February 19, 2020 Decisions

Father’s consent to adoption of child born out of wedlock not required; Father failed to maintain regular visitation or communication with the child
Matter of G. (Anonymous), L., 2019-01888
In an adoption proceeding, the father appealed from an order which confirmed the report of a Judicial Hearing Officer, made after a hearing, and determined that the father’s consent to the adoption of the subject child was not required pursuant to Domestic Relations Law § 111(1)(d).

“A father’s consent to the adoption of a child over six months old who was born out of wedlock will be required if the father establishes that he has maintained substantial and continuous or repeated contact with the child as manifested by the payment of reasonable child support and either monthly visitation or regular communication with the child (see Domestic Relations Law § 111[1][d]; Matter of Madelyn [Robert K.], 174 AD3d 715; Matter of Angela H.F. [Shombe M.], 155 AD3d 624, 625). Here, the petitioners are the subject child’s maternal grandparents and legal custodians who had begun caring for the child shortly after his birth.

In the maternal grandparents’ petition to adopt the child, they alleged that the father’s consent to the adoption was not required. On appeal, the Second Department found that the Family Court properly determined that the father’s consent to the adoption was not required (see Domestic Relations Law § 111[1][d]; Matter of Madelyn [Robert K.], 174 AD3d at 716; Matter of Mikai R. [Ralph R.], 166 AD3d at 624-625). Although he paid reasonable child support, the father inexcusably failed to maintain regular visitation or communication with the child (see Domestic Relations Law § 111[1][d][ii],[iii]; Matter of Madelyn [Robert K.], 174 AD3d at 716; Matter of Angela H.F. [Shombe M.], 155 AD3d at 625).

 

Family Court dismissal of family offense petition hinged on issues of credibility and is supported by the record; Family Court did not err is refusing to adjourn for a rebuttal witness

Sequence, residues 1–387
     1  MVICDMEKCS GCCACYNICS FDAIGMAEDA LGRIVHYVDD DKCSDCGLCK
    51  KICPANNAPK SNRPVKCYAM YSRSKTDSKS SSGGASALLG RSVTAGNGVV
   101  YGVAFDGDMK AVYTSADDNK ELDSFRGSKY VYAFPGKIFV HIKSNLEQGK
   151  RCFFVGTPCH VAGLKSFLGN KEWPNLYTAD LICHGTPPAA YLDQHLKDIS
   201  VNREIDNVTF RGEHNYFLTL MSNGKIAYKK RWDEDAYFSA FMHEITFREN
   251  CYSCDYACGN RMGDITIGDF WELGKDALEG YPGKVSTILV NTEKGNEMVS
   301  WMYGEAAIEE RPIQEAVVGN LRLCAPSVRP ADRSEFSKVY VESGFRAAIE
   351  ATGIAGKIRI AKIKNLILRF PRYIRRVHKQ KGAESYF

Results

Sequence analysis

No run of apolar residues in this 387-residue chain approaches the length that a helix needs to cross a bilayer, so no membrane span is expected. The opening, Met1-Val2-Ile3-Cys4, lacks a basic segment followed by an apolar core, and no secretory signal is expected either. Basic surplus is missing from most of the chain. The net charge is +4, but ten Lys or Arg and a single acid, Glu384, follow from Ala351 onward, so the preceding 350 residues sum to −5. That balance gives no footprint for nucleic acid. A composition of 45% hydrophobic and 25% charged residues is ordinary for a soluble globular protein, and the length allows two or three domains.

Matter of Joseph v. Joseph, 2019-02576
The petitioner appeals from an order of the Family Court, made after a fact-finding hearing, which denied the family offense petition she filed against her brother alleging, among other things, disorderly conduct and harassment in the second degree

Petitioner has the burden of establishing the offense by a fair preponderance of the evidence (see Family Ct Act § 832; Matter of Grouzis v. Grouzis, 176 AD3d 936, 936-937; Matter of Estime v. Civil, 168 AD3d 936, 937; Matter of McGregor v. Ferguson, 167 AD3d 897, 897; Matter of Lopez de Salmon v. Salmon, 150 AD3d 1121, 1122).

Where, as here, “a hearing court ‘was presented with sharply conflicting accounts by the parties regarding the subject events, and chose to credit the testimony’ of one party over that of the other, its determination [should] not be disturbed” unless clearly unsupported by the record (Matter of Henderson v Henderson, 137 AD3d 911, 912, quoting Matter of Musheyev v Musheyev, 126 AD3d 800, 801; see Matter of Grouzis v Grouzis, 176 AD3d at 937; Matter of Diaz v Rodriguez, 164 AD3d 1340; Matter of Davis v Felder, 140 AD3d 752, 753; Matter